July 17, 2008

Vehicle Speed and MPG's

I knew that your fuel economy dropped as your speed increases - the primary factor being aerodynamics - but I didn't think it was this much:
Today, 35 m.p.h. is no longer the best speed for autos with their sleek designs and advanced transmissions. Newer vehicles generally get the highest gas mileage somewhere between 45 and 55 m.p.h., says David L. Greene of the National Transportation Research Center at Oak Ridge National Laboratory in Knoxville, Tenn.

The main force reducing mileage is air drag, says Dr. Greene. The faster you go, the greater the drag. Drag forces increase exponentially, so doubling your speed from 40 to 80 increases drag fourfold.

It makes a huge difference, for at 80 m.p.h. your car pushes against wind with the force of a hurricane.

Consumer Reports tested the effect of higher speeds on gas mileage. David Champion, director of auto testing, found that boosting the highway speed of a 2006 Toyota Camry cut gasoline mileage dramatically:

•55 m.p.h. – 40.3 miles per gallon

•65 m.p.h. – 34.9 miles per gallon

•75 m.p.h. – 29.8 miles per gallon

On a hypothetical 1,900-mile round trip from New York City to Disney World in Florida, the Camry would use 47 gallons of gas at 55 m.p.h.. But at 75 m.p.h., it would burn nearly 64 gallons – a $70 difference.
My guess is that the differences would be even more significant for older cars.  I think this is the referenced Consumer Reports article.

PS - Not that the President would ask you to make such a "partiotic" decision as to save gas.


Anonymous said...

The mileage difference between 55 and 65 really surprises me. I've been driving 60 on the highway, and sensing a lot of bad vibes from the speed demons flying by. It may not be safe to slow down to 55.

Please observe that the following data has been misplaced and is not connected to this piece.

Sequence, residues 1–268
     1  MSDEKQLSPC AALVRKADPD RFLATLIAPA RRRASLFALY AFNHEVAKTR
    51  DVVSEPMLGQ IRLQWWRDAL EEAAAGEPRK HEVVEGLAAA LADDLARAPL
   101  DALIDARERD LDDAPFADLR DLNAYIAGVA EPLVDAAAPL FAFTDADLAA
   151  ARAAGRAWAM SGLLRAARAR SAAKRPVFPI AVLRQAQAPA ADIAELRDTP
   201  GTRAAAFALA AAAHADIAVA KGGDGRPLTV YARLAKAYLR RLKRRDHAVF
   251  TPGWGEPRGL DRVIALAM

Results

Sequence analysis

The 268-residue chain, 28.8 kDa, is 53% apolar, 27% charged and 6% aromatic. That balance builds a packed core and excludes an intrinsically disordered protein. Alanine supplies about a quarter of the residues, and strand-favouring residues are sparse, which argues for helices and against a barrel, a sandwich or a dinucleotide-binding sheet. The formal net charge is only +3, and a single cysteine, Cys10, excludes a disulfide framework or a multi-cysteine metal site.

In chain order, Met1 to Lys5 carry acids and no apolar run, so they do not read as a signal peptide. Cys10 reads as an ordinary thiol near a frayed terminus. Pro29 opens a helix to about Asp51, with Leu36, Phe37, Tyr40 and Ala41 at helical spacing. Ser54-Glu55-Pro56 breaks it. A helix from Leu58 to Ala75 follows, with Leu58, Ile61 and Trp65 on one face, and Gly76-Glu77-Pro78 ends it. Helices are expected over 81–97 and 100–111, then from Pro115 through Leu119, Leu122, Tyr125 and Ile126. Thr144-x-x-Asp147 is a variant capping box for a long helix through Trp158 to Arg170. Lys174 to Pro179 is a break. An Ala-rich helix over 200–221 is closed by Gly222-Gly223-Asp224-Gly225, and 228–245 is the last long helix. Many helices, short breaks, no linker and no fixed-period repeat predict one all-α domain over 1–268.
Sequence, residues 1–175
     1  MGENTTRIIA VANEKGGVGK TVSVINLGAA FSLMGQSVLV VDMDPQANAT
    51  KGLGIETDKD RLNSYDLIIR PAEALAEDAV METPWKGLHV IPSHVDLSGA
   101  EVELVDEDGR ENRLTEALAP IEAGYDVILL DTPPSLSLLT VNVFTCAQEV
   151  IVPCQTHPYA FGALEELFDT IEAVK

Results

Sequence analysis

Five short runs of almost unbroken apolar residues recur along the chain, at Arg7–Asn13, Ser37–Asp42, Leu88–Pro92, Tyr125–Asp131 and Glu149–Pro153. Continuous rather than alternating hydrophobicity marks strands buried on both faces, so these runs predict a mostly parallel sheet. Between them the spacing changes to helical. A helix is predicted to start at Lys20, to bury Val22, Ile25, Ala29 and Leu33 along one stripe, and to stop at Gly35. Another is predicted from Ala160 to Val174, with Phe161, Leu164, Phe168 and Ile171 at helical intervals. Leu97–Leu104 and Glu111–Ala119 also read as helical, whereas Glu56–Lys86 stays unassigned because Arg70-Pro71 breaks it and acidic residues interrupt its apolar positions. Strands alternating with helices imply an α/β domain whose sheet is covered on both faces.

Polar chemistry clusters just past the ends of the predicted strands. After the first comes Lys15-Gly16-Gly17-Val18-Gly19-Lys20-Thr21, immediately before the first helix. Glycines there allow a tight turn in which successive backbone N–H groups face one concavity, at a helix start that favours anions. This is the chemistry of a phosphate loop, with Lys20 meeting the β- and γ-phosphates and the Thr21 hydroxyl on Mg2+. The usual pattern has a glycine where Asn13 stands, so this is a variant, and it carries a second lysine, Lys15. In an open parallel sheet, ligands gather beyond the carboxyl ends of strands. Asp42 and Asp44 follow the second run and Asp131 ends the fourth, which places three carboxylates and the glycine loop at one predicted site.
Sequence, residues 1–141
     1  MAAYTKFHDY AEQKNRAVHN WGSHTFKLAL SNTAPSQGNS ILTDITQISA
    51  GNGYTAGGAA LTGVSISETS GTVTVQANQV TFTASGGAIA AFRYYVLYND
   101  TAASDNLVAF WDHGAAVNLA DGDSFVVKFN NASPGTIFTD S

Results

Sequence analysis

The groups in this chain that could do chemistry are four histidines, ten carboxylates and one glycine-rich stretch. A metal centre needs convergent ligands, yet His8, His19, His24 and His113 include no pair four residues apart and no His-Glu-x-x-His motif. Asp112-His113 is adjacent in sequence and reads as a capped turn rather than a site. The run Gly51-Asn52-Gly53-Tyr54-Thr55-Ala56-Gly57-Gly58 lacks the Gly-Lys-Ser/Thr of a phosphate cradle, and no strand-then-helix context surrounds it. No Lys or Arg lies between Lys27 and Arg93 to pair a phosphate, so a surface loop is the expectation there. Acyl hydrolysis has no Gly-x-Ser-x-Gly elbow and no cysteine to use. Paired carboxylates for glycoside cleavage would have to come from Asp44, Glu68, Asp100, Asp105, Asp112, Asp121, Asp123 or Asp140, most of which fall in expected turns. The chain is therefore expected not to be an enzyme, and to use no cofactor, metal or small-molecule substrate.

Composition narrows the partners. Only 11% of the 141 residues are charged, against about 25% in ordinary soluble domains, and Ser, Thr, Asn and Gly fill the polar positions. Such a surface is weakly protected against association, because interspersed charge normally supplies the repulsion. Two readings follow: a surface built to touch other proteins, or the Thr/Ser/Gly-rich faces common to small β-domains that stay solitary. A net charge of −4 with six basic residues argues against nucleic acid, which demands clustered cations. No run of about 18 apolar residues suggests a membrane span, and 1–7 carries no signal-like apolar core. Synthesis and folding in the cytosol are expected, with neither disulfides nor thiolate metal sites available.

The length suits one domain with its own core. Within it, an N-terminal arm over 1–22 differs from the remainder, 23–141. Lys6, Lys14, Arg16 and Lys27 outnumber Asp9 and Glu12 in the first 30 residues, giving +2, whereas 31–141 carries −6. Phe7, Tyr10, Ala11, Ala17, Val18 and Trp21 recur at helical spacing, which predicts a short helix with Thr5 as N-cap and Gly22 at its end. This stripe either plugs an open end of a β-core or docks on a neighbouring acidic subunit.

j said...

I was surprised at that jump as well. Agreed on the dangers of going 55 - it really feels like you are a sitting duck - not to mention that it is actually below the posted minimum speed on some freeways.

Adam Rosien said...

I remember somewhat from physics class that drag increases as the cube of the velocity, not exponentially.

Chris O'Byrne said...

In response to anonymous, I've been driving 50 to 55 on the interstates and have had a few people (mostly truckers) honk their horns, but nobody has done anything foolish.

In response to j, I have never seen a minimum speed limit greater than 45 mph on the interstates.

And lastly, in response to adam, the drag increases as the square, but the power required to overcome that drag increases as the cube. That means that if you double your speed, it will take 8 times as much power to overcome that increase in drag. Crazy!

j said...

Chris -

thanks for dropping the physics knowledge. the only place i've seen the minimum speeds that high are the freeways around the Los Angeles area.

Chris O'Byrne said...

j, you're welcome and thanks for the info about LA... now wonder I try to avoid it! Last week I drove a 33-foot motorhome from Minnesota to Las Cruces and stayed between 35 and 40 the whole way. I left the hazard lights on and stayed off the interstate highways and everyone was so nice to me! Oh, I drove that slow because I'm a wuss when it comes to driving something that big that the wind blows all over the place.

Anonymous said...

That 1900 mile trip which he cited would take 27 hours of driving at 70mph and 35 hours at 55mph. That would mean an extra day on the road which would easily cost $150 for hotel, meals and the like. That makes that $70 saving look silly.

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